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Magenta Possum
by Shelly Burrowes

This survival story has been 5 months in the making and I can now finally post about it.

This little girls name is Magenta.

On the 17th February I was brought a very small brushtail possum joey. She had been found hanging upside down between some iron, caught by her foot. Her foot was touching the iron, it had been a very hot day, and she’d been hanging there for around a day and a half. I took one look at her foot and saw that it was incredibly burned.

However, as I started to assess her, I realized that she wasn’t showing the typical signs of shock and pain that one would associate with such a burn. In fact she was very bright and lively. On top of that, her foot wasn’t hot to touch (burns will retain heat).

I quickly realized that I wasn’t looking at a burnt foot, I was looking at medical issue called a Crush Injury and Compartment Syndrome. Her ankle that had been trapped had been caught so tightly and blood was now pumping into her foot but not escaping out, due to the crush/strangulation around the ankle. The purple discolouration I was looking at was blood trapped in the foot; it was even pushing into the nails as far as it could go.

Since Magenta was not in pain, I consulted with the wonderful Dr Amy and we proceeded with a treatment plan.

This included antibiotics, anti-inflammatories and compression bandaging around the foot. I could type for days about the process, so I will give a brief summary.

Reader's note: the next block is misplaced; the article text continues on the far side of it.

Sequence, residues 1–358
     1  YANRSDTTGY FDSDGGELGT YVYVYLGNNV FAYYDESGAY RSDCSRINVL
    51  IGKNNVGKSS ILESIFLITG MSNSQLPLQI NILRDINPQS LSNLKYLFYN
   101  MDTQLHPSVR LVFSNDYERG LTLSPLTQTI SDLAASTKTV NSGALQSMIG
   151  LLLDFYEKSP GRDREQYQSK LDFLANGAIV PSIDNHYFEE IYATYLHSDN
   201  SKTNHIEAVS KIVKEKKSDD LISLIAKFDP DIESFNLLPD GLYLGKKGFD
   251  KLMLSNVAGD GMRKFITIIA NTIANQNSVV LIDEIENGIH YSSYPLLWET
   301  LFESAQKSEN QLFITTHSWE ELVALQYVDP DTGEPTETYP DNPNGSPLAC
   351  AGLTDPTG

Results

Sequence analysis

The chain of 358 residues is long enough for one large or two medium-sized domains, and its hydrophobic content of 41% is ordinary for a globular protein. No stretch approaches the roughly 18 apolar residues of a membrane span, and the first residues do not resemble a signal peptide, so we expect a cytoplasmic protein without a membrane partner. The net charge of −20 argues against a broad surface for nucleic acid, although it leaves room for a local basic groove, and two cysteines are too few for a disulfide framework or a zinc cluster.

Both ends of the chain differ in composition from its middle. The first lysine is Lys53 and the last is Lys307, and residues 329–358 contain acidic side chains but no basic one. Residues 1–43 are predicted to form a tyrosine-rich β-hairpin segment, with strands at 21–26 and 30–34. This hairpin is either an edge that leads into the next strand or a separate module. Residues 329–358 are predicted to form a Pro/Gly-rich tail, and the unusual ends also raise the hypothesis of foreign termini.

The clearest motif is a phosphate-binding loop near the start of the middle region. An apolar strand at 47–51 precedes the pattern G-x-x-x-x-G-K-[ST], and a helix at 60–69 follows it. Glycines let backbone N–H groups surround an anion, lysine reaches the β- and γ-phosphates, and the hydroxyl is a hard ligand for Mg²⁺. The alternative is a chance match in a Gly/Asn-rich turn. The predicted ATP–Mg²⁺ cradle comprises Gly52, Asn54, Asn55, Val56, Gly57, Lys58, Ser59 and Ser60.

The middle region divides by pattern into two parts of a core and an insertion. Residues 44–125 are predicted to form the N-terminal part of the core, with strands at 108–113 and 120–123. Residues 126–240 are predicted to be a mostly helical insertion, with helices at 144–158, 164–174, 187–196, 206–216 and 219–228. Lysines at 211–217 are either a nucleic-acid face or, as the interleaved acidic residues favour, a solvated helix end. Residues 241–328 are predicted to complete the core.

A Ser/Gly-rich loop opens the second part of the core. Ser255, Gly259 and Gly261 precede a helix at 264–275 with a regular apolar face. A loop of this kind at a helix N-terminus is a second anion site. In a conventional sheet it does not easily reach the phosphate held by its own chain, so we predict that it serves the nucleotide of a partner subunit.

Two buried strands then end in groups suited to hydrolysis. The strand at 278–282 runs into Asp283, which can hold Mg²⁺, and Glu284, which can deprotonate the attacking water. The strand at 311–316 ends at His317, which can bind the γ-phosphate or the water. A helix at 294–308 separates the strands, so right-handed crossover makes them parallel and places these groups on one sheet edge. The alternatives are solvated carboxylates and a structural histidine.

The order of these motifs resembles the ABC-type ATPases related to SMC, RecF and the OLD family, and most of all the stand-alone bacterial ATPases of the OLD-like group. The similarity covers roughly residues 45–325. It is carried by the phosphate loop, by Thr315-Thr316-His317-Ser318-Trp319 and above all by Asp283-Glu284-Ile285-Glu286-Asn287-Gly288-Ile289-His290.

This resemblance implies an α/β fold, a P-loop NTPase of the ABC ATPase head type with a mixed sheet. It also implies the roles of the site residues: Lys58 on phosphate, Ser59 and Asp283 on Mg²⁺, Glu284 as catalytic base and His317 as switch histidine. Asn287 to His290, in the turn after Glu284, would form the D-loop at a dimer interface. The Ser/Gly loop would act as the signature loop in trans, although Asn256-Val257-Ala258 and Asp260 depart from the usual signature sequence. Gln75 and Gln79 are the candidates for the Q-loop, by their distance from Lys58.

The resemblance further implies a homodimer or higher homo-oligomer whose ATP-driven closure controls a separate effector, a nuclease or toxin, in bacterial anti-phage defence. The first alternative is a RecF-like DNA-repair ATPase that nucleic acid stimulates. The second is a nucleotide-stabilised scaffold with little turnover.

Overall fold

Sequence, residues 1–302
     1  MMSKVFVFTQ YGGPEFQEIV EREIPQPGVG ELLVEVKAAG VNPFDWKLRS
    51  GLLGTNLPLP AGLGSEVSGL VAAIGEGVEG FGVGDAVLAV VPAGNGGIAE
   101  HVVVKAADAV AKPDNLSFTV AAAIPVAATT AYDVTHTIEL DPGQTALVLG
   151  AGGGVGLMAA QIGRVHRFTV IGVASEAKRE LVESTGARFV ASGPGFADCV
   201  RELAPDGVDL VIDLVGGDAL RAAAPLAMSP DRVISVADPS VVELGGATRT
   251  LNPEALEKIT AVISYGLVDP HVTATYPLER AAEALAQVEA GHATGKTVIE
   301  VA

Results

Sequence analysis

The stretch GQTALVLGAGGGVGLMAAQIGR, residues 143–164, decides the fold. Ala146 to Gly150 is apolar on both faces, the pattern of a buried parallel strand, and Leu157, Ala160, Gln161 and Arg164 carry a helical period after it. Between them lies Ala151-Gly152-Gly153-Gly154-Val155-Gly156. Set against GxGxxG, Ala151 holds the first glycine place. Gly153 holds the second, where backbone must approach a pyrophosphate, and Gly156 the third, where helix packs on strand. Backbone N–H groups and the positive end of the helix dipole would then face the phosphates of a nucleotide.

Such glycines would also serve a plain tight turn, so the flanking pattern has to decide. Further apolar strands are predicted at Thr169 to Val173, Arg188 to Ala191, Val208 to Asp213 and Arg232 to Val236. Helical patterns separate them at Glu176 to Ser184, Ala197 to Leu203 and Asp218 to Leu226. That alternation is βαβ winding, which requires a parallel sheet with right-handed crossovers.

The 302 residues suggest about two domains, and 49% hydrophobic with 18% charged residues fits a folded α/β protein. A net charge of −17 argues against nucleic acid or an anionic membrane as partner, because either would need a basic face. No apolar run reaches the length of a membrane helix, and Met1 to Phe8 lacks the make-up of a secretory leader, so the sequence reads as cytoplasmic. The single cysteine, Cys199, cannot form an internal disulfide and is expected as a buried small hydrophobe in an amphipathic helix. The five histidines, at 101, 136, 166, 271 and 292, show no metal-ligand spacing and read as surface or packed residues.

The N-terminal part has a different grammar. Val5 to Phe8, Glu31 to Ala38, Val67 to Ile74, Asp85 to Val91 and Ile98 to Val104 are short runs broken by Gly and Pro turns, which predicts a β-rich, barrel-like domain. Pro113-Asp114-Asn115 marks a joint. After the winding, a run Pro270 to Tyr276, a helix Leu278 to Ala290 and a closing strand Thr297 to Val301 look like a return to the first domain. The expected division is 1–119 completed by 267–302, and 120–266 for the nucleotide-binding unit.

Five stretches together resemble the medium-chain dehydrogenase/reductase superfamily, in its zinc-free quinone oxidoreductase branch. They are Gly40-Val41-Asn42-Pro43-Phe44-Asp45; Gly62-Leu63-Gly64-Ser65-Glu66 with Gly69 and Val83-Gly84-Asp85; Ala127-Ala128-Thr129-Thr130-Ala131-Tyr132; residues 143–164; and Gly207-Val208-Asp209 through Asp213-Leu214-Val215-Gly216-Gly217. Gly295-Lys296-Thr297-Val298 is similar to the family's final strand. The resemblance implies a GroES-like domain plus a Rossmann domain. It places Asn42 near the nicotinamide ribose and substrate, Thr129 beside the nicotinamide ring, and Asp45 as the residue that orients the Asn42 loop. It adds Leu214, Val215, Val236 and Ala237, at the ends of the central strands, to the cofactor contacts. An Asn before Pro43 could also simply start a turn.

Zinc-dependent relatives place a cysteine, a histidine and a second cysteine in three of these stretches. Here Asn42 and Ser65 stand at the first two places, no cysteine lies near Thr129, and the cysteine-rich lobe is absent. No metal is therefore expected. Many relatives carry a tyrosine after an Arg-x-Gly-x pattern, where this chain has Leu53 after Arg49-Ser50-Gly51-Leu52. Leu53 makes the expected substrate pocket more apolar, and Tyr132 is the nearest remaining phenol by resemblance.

- Day 2: the foot starts going black. This concerns me, but we’ve never treated something like this so we shall see what happens.

- Day 5: The skin starts to scab and peel.

- Day 10: by now, the skin is sloughing off and there is delicate, healthy new skin underneath. The fur is also starting to fall out.

- Day 16: the foot is looking good, a few new scabs are forming in places.

- Day 20: around this time, her toenails start to fall out one by one. The nail beds underneath are withered and black. I don’t know if she will regrow nails.

- Day 29: Her nails have started to regrow. Now we have nice new skin, but the skin is too delicate and soft still. This is causing issues. The foot is little a little deformed from the restriction of the bandages. The bandages are stopped at this point, in the hopes that her skin will toughen up and she can start to spread her toes properly.  

- Day 31-45: the blisters have healed up, the foot is looking really good. There is still a few delicate spots.

- Day 62: The skin has toughened up, Magenta is running and bounding around on the foot. She has a mild limp from damage done to the ankle when she was trapped.

- Day 128, the last progress photograph: Magenta’s foot is completely healed, she can run and jump and climb. She has 98% mobility.

I photographed the process for learning purposes and also for use in consulting with Dr Amy and the ever helpful Pam Turner at Wildwood Wildlife Shelter - Gariwerd.  A huge thanks to you both for guiding me through the lengthy healing process with Magenta.

The last photograph is of Magenta in her aviary.

She will winter here and then be released in a safe location when the weather is kinder.

She is a very pretty possum.
Fourth Crossing Wildlife
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